Moonlight skiers place at Kings & Queens
Jake Hopfinger and Parkin Costain come in third and fourth
Jackson Hole wrapped up its fourth Kings & Queens of Corbet athlete-judged competition on Feb. 18.
Twenty-six snow athletes from around the world came to ride down Corbet’s Couloir and helped create the course. Skiers and snowboarders built jumps at the lip of the couloir and gave advice on what obstacles to place further down the stretch.
Jake Hopfinger, Moonlight skier and Bozeman resident, likes to set a jump eight feet or so back from the edge with a lip at the end. This method gets athletes higher into the air after takeoff and lets them land further up the couloir.
Last year, his first year competing, Hopfinger placed fifth overall at Kings & Queens. “I did a double backflip in, kind of a similar run to this year,” he said.
This year, he placed third out of the 26 entrants.
“This year I did a double flat spin into it. It’s kind of like a little variation of a double backflip. I just tried to change it up a little bit this year,” he said casually.
Hopfinger grew up in western New York and moved to Bozeman to attend Montana State University. He has been skiing in the Big Sky area for five years.
“Moonlight’s awesome,” Hopfinger said. “We go up there and rip around. I really like that side of the hill. It’s really fun—we shoot photos and just get to ski around and have a blast over there.”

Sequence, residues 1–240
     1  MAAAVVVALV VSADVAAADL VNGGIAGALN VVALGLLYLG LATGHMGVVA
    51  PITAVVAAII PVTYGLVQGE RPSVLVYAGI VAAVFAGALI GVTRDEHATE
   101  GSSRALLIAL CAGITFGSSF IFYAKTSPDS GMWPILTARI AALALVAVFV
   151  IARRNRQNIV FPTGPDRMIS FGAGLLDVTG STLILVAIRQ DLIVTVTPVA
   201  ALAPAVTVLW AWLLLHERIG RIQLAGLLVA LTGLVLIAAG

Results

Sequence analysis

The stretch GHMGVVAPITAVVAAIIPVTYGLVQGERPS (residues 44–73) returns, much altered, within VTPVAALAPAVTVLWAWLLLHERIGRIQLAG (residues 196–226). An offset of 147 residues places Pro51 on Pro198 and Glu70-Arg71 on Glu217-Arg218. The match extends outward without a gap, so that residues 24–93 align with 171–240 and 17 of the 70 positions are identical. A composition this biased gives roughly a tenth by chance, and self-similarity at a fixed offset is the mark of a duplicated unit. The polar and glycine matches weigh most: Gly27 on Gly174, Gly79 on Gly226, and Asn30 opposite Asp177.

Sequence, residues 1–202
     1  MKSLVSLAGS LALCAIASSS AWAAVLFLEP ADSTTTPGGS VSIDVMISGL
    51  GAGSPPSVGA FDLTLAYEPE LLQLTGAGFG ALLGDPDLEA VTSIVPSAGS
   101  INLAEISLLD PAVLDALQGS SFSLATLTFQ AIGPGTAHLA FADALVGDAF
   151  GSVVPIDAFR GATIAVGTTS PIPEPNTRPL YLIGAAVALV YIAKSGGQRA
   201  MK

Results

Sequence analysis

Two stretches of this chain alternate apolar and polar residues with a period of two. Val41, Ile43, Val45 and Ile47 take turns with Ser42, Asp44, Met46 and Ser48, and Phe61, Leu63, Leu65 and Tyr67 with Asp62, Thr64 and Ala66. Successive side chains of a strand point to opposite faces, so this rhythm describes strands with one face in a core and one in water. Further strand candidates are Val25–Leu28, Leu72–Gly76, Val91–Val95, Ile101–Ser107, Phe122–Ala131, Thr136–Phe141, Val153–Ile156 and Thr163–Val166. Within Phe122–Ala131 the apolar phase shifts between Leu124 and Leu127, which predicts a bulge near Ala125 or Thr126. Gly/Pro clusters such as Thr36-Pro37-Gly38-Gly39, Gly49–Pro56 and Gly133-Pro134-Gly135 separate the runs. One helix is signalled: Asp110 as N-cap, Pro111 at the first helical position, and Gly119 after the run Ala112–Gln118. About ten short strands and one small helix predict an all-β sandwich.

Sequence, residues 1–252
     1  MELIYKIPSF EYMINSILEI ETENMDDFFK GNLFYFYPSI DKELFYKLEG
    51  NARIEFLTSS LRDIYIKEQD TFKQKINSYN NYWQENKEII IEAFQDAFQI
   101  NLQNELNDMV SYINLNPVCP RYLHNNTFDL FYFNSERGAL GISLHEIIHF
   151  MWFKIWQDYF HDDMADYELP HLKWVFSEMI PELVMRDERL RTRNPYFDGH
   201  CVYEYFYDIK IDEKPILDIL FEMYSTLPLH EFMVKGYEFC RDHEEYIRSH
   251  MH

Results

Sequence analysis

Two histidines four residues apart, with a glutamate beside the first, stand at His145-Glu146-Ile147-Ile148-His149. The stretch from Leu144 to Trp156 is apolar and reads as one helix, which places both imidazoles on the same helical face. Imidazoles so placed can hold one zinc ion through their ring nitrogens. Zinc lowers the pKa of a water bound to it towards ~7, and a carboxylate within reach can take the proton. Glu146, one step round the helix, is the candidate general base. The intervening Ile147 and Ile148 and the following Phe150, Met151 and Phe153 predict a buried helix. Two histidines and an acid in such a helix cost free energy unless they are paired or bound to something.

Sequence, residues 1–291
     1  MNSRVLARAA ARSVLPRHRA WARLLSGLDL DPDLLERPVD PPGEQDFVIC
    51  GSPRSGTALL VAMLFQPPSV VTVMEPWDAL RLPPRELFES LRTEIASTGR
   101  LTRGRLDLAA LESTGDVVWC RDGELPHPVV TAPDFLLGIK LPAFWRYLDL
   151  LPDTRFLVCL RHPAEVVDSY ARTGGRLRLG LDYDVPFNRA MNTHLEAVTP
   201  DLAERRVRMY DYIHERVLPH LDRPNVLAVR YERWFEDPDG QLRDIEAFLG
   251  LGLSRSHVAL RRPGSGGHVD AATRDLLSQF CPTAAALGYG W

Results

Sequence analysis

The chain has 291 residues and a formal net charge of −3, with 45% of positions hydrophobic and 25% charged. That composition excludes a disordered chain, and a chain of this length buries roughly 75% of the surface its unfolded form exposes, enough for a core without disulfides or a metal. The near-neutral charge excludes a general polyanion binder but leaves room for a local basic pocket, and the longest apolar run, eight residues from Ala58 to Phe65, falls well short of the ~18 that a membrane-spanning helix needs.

Parkin Costain is born and raised in Montana and spends a lot of his time skiing Moonlight as well. His accolades include Teton Gravity Research (TGR) Grom competition winner in 2017, Quiksilver Young Guns Ski winner in 2017 and a feature in TGR’s film Far Out.
Costain placed fourth at this year’s Kings & Queens event.
Hopfinger’s GIS degree, and overall engagement in the mountains during the winter, keeps him avalanche-aware. He spoke about the quantity of avalanches in the west this season and gave his two cents on what part of the problem may be.
“The sun ruined it,” he said. “It was kind of cold and it just pulled all the moisture and just turned it to facets and granular snow, and it’s not looking good.” Now, extra snow just sits on a rotten snowpack.
Hopfinger has backed off the backcountry a little this year to play it safe.
“It’s kind of scary because you’re most likely not going to trigger anything because it’s so deep, but when you do, it’s like really bad news,” he said.